Reverse engineer and zero-day exploit expert, Maddie Stone works as a security researcher at Google Project Zero and is a regular con speaker. Her twitter account @maddiestone is essential for anyone wanting to keep up with the latest bugs and zero-day discoveries.
✨ New RCA for CVE-2022-22675 by @natashenka!
CVE-2022-22675 is an iOS/macOS in-the-wild 0-day in AppleAVD that was patched in March #itw0dayshttps://t.co/5xNZhGHdQK
— Maddie Stone (@maddiestone) May 17, 2022
3. @cyb3rops | Florian Roth
Florian Roth is a detection engineer who is probably best known for his YARA and IOC THOR APT scanner. Florian also has a vast collection of free tools and detection utilities available on github. Florian’s feed @cyb3rops contains an unmissable mix of original and curated content focusing on the latest threats and threat detection.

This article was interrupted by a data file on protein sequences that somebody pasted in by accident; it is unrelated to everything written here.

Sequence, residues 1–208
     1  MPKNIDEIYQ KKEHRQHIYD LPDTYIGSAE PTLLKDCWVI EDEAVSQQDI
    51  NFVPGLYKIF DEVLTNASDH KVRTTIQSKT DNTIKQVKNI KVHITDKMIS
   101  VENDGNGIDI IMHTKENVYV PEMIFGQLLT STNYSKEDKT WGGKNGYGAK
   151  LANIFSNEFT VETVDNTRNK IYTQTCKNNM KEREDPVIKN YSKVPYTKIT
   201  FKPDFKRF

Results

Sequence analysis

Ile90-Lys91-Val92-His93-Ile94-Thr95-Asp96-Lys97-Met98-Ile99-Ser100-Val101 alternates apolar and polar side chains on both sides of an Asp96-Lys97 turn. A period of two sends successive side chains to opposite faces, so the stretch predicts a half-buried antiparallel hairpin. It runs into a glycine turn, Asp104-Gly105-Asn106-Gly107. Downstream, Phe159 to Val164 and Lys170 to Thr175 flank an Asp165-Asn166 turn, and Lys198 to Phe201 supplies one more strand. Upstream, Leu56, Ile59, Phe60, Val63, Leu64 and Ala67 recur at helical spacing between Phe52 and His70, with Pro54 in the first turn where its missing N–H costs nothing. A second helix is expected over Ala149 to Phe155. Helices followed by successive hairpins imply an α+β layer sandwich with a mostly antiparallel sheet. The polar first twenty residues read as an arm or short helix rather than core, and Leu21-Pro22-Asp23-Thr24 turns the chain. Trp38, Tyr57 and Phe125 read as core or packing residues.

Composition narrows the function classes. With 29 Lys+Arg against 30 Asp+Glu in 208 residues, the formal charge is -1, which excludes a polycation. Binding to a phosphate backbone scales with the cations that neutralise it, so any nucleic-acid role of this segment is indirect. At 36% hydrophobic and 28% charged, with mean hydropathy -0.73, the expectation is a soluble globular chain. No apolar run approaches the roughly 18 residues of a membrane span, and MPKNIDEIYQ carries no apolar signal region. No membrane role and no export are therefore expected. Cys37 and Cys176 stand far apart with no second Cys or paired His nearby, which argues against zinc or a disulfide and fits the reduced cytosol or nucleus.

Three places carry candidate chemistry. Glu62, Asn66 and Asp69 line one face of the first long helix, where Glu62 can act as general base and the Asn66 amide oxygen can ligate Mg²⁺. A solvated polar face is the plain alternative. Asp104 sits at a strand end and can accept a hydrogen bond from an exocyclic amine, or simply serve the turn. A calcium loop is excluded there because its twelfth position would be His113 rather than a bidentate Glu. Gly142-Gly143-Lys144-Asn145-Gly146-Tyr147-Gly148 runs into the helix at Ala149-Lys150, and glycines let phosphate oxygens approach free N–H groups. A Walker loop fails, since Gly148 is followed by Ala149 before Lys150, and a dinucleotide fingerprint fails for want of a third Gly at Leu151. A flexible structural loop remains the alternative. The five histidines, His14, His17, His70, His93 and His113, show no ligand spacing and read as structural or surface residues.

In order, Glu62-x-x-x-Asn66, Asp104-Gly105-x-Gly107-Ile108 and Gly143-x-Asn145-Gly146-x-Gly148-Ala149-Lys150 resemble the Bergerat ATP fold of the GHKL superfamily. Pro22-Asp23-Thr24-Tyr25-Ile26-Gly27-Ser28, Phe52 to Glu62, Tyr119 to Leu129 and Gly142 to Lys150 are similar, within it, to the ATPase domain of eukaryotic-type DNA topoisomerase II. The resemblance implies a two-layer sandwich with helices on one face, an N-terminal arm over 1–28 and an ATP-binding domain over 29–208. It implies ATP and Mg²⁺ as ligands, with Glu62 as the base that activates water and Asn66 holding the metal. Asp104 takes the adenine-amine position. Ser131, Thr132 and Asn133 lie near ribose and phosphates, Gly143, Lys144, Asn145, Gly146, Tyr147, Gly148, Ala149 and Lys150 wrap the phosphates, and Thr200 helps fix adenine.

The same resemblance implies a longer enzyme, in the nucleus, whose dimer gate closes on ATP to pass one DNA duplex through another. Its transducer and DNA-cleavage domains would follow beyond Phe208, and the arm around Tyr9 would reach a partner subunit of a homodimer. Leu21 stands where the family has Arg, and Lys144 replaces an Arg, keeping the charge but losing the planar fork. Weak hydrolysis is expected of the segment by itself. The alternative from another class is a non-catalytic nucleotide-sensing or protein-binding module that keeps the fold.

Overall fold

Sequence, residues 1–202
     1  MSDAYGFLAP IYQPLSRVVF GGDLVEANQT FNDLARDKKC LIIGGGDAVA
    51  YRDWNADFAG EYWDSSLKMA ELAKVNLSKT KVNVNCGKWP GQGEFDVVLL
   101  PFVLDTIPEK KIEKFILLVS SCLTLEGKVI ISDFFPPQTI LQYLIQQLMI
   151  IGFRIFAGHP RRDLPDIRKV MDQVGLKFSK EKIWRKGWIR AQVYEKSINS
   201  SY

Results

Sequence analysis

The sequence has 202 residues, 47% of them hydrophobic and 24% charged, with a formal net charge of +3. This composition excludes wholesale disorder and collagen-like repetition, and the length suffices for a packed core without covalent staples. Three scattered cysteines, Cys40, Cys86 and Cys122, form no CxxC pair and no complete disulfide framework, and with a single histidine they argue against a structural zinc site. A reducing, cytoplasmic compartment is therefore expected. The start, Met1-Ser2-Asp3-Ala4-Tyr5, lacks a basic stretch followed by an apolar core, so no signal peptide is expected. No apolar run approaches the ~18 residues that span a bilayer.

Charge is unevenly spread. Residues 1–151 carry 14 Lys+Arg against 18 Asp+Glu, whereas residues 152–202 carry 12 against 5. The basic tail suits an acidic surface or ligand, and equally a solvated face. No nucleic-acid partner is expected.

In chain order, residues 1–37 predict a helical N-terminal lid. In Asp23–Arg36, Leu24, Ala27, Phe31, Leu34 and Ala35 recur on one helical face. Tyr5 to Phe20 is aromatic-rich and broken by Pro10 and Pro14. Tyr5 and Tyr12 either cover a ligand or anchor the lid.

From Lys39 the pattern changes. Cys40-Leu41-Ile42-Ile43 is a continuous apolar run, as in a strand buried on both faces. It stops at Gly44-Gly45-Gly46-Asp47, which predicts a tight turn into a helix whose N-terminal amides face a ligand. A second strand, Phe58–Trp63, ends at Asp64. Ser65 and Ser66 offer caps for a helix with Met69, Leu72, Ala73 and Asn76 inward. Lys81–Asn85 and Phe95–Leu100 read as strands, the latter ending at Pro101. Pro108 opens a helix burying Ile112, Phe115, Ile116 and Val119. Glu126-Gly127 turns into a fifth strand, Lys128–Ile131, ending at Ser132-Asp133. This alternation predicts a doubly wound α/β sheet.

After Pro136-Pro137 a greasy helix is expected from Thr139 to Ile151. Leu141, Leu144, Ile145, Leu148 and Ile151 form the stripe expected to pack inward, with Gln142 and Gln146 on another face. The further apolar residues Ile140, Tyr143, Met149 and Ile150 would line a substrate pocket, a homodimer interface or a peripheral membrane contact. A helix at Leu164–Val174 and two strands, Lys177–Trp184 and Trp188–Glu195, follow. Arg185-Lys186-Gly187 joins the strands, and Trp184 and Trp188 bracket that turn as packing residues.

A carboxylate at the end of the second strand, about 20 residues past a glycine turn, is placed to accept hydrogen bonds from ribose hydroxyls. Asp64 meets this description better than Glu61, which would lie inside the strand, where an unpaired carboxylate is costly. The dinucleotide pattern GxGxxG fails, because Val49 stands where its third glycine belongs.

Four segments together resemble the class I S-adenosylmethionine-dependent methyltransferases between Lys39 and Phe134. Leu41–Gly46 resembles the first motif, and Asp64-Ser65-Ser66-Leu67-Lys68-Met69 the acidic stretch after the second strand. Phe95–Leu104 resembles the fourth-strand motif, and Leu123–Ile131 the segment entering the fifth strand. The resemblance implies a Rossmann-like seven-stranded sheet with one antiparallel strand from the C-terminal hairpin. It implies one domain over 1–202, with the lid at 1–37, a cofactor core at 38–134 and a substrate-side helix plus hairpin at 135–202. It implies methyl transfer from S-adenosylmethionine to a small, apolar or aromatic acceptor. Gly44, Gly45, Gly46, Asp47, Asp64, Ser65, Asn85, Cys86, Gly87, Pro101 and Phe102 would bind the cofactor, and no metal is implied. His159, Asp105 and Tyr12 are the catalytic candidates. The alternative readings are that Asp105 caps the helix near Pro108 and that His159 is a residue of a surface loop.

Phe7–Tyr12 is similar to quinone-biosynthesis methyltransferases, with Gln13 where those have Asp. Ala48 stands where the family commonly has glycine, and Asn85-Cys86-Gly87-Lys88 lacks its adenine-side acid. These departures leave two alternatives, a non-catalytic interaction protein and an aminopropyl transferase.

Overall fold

If someone exploits the vulnerable F5 boxes on the mgmt port from the Internet to run ‘rm -rf /*’
Is it mostly likely
A. a threat actor trying to cause havoc
B. school kid using curl
C. unsolicited help with the decommissioning so that real TAs can’t use them to ransom the org
— Florian Roth ⚡️ (@cyb3rops) May 11, 2022
4. @campuscodi | Catalin Cimpanu
Catalin has featured on our list in the past, and even though he now describes himself as an “Ex-cybersecurity reporter” after having moved to work on newsletters for podcasting outlet RiskyBiz, his Twitter feed @campuscodi is still a goldmine of curated cybersecurity news and intel that’s not to be missed.
Stack Overflow under attack: what we learned about handling DDoS attackshttps://t.co/H9bWuwqgxK pic.twitter.com/A2gFgd22Ae